Two very different tall annuals are at their best now, the blazing orange Mexican sunflowers and the elegant, fragrant woodland tobacco.
A native annual which volunteered in the rock garden, sweet everlasting, is now in bloom, when almost nothing else is: a few late harebells and some rebloom on the bird’s foot violets accompany the everlasting.
The bright yellow daisy of old fields and roadsides, black-eyed Susan, is either an annual, a biennial or a short-lived perennial. A few seedlings which volunteered in the gardens have now come into bloom.
Sweet black-eyed Susan is perennial and, in fact, rather slow to get going from seed. It is supposed to be fragrant but I cannot perceive any sweetness from mine.
One pot of tall sunflower was planted, not too long ago, in some rough grass, and it is blooming lustily. Not bad for a seedling!
Two species from further south which are new to me: Kankakee mallow and royal catchfly. Kankakee mallow has delicately pink hollyhock-like flowers, set off with a darker red centre, and maple-like leaves on a tall plant. It is indigenous to a single site in Illinois but seems to be easy to grow in gardens. We shall see how hardy it is in western Quebec.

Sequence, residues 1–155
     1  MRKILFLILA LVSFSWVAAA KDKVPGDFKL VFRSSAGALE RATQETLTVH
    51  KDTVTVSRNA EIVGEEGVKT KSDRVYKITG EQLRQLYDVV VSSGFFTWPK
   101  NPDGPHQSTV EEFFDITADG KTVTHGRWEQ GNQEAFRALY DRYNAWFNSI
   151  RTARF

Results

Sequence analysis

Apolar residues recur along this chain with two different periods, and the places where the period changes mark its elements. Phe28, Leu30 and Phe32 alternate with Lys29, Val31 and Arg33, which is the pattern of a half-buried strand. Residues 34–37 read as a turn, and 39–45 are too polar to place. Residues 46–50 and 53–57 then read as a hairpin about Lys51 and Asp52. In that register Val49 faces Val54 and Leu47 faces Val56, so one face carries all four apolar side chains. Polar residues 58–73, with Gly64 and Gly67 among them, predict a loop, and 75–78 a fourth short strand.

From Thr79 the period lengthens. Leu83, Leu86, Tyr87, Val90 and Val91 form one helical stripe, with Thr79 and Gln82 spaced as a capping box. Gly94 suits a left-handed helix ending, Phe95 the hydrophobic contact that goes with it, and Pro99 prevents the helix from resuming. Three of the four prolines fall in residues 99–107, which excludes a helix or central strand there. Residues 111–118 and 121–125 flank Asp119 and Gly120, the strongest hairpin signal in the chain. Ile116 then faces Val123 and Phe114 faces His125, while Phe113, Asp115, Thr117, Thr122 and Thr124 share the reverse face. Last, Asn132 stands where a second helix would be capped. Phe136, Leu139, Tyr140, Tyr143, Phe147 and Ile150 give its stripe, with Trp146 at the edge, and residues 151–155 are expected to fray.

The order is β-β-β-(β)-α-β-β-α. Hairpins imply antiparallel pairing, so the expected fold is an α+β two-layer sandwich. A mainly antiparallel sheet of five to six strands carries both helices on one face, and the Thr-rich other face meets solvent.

Because the butterfly milkweed got off to such a late start this year, it is still in bloom in mid-September.
Virginia mountain mint is finishing up, but the grey leaved short-toothed mountain mint is still in bloom and attracting lots and lots of large bumblebees. (As are the two blazing stars, spike and prairie, whose tall spires are turning brown at the top but still blazing at their bottoms.)
Heart-leaved aster occurs naturally under shrubs and trees around the farmhouse. It makes a very pretty, billowy blue ruff at the base of shrubs and is also nice as a cut flower to lighten bouquets of yellow and orange daisies.